Posted by Michael Sebastian | December 20, 2012
Fighting jargon and buzzwords can be a Sisyphean task. No matter how many times you change "learnings" to "lessons" or "paradigm" to … well, something actually meaningful, the jargon keeps pouring in. Despite the setbacks, writers and editors must soldier on -- you're the last line of defense.
Last week, we asked readers to name the absolute worst jargon from 2012, the words and phrases that drove them bonkers. After sorting through the dozens of entries, as well as consulting with a number of people on the ground -- that is, those working in corporate offices and PR firms -- we noticed two patterns emerging:
• Corporate communicators are still tired of the usual jargon, such as leverage and synergize, yet they seem to be growing somewhat tolerant -- though perhaps inured is more like it. • Social media jargon is the emerging culprit, as many respondents said Internet-born acronyms and adjectives are driving them to drink.
1. Game-changer. Print out a dozen press releases, shuffle them, and select one at random. There's an 80 percent chance "game-changer" will be in the first sentence--100 percent if it's from a startup. [Editor's note: No actual math was done for this story.] At one time, a game-changer was a defensive back who intercepted a pass and ran it back 98 yards for a touchdown, capping off a 14-point swing for his team. The word is used so often it means almost nothing, whether you work in corporate America or an NFL broadcast booth.
2. At the end of the day (and its cousin, having said that). The translation for this term -- usually uttered by someone with a larger salary than you -- goes something like: "I'm acknowledging what you just said, but I think that it's basically crap. Here's what we should do instead." It's an insulting and lazy term. Worse still: "That being said …" which adds flawed grammar to the mix.
3. Solution. You know those press releases we printed out earlier? Well, shuffle them again and choose another at random. The lead definitely has the word "solution." If press releases are any indication, the world has far more solutions than it does problems.
4. YOLO. This one comes straight from social media, and it's an acronym for "You Only Live Once," as in, "I'm going to get a McRib -- YOLO." It was also the overwhelming choice for the year's most irksome jargon among fans of PR Daily's Facebook page, not to mention the worst word of 2012, according to The Huffington Post.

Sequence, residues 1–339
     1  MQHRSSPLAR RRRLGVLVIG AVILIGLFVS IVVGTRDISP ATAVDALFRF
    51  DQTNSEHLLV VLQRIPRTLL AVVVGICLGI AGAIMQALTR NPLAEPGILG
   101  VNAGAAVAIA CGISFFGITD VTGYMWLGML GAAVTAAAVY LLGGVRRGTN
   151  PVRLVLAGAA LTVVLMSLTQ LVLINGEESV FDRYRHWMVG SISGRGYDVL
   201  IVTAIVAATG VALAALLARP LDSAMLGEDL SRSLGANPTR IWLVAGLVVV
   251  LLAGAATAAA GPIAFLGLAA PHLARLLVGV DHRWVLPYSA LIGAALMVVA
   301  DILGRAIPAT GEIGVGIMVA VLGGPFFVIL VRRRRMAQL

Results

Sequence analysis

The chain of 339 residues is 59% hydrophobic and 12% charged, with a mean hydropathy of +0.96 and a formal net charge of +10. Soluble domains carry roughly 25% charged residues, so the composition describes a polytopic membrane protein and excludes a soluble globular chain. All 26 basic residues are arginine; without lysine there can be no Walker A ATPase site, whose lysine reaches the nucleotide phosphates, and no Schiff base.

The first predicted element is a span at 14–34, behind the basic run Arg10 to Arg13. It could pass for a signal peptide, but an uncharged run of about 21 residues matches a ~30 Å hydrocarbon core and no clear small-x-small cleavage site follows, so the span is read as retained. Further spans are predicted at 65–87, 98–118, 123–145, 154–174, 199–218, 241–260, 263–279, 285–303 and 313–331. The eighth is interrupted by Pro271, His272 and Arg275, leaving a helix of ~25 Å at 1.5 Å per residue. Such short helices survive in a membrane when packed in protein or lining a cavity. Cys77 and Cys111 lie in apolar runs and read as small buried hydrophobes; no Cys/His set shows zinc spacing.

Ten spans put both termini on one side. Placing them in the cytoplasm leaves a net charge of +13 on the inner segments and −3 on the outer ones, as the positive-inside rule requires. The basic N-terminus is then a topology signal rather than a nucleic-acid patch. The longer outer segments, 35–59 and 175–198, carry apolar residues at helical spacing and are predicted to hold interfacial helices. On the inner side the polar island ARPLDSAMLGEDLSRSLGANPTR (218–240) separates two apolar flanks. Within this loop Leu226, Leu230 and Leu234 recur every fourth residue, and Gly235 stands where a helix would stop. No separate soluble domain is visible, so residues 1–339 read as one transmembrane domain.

5. Epic. This word describes a long poem about a hero, or something heroic, great, even majestic. It should never refer to your company's Twitter feed, unless you're tweeting "The Odyssey" line by line.
6. Low-hanging fruit. This term is, in fact, low-hanging fruit, because it's an easy and obvious choice. It's also kinda gross -- easier for farmhands to reach, sure, but also easier for worms to infiltrate--so why does your boss love saying it so much?
7. Really. The New York Times said this adverb is "undoing 2,000 words of human progress," a statement that inspired Jerry Seinfeld to respond in the pages of the Times. Any word that can spark such a spirited debate is worthy of admiration; the sneering way in which people say it is not. Feel free to continue using it, although snarksters may accuse you of being stuck in 2012. "You're still saying that? Really?!"
8. Value-add. This word is sometimes bandied about the offices of Ragan Communications, which publishes PR Daily. Sure, it's easier to say, "What's the value-add for our readers," instead of, "What value are we giving our readers." But for those who utter this term--and you know who you are--how do you sleep at night?
9. Impactful. This isn't a word. (We dare you to tell your boss that.) Oh, and impact is overused/misused as a verb--unless you're talking about wisdom teeth. Its prevalence probably stems from people's inability to keep affect and effect straight. Tell you what: If something is going to "negatively impact" your project, just say hurt, or delay, or maybe enfeeble.
10. Utilize. This is a haughty, seven-letter word that means "use." There is never an instance in which "utilize" is preferred over "use." The late author David Foster Wallace called it a "noxious puff-word [because] it does nothing that good old use doesn't do." Yet everyone tosses it around--executives, journalists, even your mother. It's a plague. And not the good kind of plague, either.
We've certainly left off words that are commonly uttered at your office. Please let us know what they are in the comments. And in 2013, the term that will consume everyone in the business world will be "big data." A year from now, you'll be sick of it -- you heard it here first.
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